* Just today I noticed 3 - 4 bluetooth dropouts while in the car on the way home from work while streaming YouTube audio through car stereo, something I've never noticed before. Smartwatch and Android Wear works fine though. 

#nexus6p   #google   #android  
Laura Gordon's profile photoMark Bruce's profile photojesús calvo's profile photoHarsh shenvi Navelkar's profile photo
I think you're missing the forest for the trees there +Vincent Jan Latzko - side bezels on the 6P are thinner than the 6, and while top and bottom bezels are larger the 6P is a hell of a lot thinner and has a larger capacity battery in there too. I guess you prefer thin bezels and fat phones. But really, it makes very little difference. 
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Spacetime. Entanglement. The need for new models.

This is an area of inquiry I find endlessly fascinating and so I hope to put Spooky Action At A Distance on my reading list, not to resolve the questions (which it doesn’t claim to do), but just to be exposed to new memes, metaphors, and ways of thinking about the problem and paths towards resolving it - more info, an introduction, and links to ebook here: 

To dig into the nature of reality and our current best understanding and description of the fundamental basis of our existence is to crash headlong into a wall of ignorance and gain a new appreciation for how much we don’t know about the underlying nature of the Universe. Continuous vs discrete spacetime, entanglement, and local vs non-locality are some of the biggest unanswered and poorly conceptualised questions that exist. Even in light of the recent loophole-free Bell test of non-locality (here that still leaves Bell’s superdeterminism question open, we need different models and ways of thinking about these things now more than ever. 

#spacetime   #entanglement   #nonlocality  
Brahm Imanuel's profile photoRobert Tyer's profile photoHadjer Menni's profile photoChris Lidyard's profile photo
Yes I've always been fond of the transactional interpretation of QM +numbr fourth - I think it is rather elegant, if a little counter-intuitive and distasteful to some. 
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SciTech #ScienceSunday Digest - 45/2015.
Permalink here: 

DNA atomic precision, Prosthetic IR perception, Drone autonomy, Oncobiotics vs cancer, Superconductor electron maps, Biological magnets, Custom thermal expansion, Tiny particle accelerators, Fresnel compound lenses, Light powered implants. 

1. Atomic Precision with DNA Origami
DNA origami techniques have been used to create a scaffold capable of atomic-level molecular adjustments and positioning in solution at room temperature Using the scaffold the group can adjust the distance between two molecules in step sizes as small as the Bohr radius, a feat achieved by adding or subtracting basepairs from a DNA adjustor helix, the length of which controls the separation angle of the scaffold, and ultimately allows distances as small as 0.04nm to be discerned. To cap the demonstration off the group showed how the molecular device could be used for positional or distance controlled specific chemical reactions; the generation of reactant molecules was controllable depending on the positioning of precursors.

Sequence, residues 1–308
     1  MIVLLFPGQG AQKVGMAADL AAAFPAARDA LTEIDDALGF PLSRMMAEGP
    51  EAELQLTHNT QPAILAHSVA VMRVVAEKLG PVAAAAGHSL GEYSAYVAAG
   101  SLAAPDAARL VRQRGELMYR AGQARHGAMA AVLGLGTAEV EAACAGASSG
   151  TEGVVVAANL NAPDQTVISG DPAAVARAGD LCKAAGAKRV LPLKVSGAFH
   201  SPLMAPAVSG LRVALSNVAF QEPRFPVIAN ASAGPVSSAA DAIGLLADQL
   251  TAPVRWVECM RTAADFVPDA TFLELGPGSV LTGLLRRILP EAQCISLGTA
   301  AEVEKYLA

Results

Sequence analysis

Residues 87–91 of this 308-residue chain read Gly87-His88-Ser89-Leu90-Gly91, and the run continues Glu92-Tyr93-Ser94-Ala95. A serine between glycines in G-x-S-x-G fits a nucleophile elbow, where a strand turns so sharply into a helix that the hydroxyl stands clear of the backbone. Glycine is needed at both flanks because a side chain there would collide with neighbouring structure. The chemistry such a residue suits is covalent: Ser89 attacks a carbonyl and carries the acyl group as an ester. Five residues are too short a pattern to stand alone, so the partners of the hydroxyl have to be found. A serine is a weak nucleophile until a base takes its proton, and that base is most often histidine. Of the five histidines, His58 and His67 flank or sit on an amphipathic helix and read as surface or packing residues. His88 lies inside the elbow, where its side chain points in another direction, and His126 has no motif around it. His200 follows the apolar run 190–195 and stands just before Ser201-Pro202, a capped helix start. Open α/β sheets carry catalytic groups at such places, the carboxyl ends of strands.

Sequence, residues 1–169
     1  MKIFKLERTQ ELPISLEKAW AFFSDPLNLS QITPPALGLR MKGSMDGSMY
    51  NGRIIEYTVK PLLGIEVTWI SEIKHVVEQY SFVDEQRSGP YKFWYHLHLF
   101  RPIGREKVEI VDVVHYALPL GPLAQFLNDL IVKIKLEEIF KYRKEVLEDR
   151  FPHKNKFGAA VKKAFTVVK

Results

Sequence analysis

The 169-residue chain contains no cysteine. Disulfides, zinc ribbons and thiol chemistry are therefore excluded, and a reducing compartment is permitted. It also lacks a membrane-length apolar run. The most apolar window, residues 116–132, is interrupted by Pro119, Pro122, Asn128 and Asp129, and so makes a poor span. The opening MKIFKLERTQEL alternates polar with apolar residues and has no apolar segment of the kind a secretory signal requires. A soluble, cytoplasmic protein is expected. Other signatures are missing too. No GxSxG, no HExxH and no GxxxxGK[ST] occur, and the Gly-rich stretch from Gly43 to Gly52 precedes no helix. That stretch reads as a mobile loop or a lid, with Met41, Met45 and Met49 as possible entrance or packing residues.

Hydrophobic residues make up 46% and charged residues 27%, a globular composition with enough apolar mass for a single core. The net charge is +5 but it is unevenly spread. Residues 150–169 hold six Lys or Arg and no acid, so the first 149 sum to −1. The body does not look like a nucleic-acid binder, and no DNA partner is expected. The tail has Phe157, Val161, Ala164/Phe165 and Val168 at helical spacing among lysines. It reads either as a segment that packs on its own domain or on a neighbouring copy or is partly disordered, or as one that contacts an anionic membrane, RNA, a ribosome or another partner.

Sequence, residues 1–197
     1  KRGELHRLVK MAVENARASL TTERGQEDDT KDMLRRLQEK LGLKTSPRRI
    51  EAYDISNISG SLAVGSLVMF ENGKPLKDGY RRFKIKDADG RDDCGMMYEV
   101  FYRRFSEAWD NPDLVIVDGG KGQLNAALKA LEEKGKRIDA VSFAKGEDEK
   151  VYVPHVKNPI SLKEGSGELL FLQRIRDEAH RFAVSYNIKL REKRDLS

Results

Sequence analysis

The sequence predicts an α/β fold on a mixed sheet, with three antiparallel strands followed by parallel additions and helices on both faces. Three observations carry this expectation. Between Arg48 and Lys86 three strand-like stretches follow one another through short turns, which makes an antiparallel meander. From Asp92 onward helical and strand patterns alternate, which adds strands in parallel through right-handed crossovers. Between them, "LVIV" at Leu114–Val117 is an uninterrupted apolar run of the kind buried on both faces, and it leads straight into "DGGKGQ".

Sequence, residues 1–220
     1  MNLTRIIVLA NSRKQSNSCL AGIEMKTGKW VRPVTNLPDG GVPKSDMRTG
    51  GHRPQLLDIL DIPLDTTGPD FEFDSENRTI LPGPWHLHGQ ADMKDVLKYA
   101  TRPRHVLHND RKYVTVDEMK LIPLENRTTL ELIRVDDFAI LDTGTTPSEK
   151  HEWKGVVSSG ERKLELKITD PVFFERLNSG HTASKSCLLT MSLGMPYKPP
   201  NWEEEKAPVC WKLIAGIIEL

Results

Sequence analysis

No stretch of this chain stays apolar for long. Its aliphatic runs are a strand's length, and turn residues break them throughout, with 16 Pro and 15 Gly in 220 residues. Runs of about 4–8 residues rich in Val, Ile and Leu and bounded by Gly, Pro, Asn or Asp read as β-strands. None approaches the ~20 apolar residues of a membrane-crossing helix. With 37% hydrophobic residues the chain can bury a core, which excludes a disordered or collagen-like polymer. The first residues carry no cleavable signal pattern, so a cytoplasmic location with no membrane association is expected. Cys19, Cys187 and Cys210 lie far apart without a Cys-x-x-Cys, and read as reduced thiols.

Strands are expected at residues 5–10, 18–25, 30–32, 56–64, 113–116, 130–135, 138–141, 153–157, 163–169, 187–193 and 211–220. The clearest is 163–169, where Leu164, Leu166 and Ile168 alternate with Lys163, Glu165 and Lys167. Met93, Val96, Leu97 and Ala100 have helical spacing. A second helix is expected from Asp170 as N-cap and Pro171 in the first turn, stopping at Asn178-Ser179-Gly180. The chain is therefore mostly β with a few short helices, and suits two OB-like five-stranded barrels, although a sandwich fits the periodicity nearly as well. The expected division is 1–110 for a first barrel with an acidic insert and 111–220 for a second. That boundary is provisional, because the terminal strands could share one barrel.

2. Perceiving the Infrared with Neuroprostheses
Rat brains learn to quickly respond to infrared light after having electrodes implanted in their brains and connected to external infrared sensors on their heads When implanted into the somatosensory cortex where whiskers send signals, the rats rubbed their whiskers when an IR light was turned on at first, but soon adapted and responded to the light (reward task) without whisker twitching. When implanted into the visual cortex the rats learned to integrate the additional signals even quicker and learned IR-light-based reward tasks rapidly. At some point we’ll see work like this with high-resolution sensors and implants / neural interfaces. 

3. Autonomous Drone Obstacle Avoidance
Small drones equipped with stereo cameras, two smartphones worth of computation, and real-time image processing can now autonomously navigate environments and recognise and avoid obstacles See the embedded video for a demonstration. The key here is the drastic speed up in image processing and obstacle avoidance by minimising the visual field being considered and only concentrating on a narrow in-focus detection area 10m ahead of the drone. Processing is updated every 8.3 seconds if the drone is flying at 10m per second, and this results in building a temporary 3D map that allows it to take corrective action. 

4. Oncobiotics Attacks Cancer via the Microbiome
Evelo Therapeutics has launched to develop a range of cancer therapies based on engineered bacteria that form part of the microbiome, dubbed oncobiotics The group will engineer bacteria to (i) activate and prime the immune system, (ii) disrupt and alter the tumour microenvironment, (iii) interfere with tumour metabolism, and (iv) modify tumour cell-cell interactions. Quite a promising platform with lots of applications both for and beyond cancer. 

5. 3D Electron Maps Linked to Superconductivity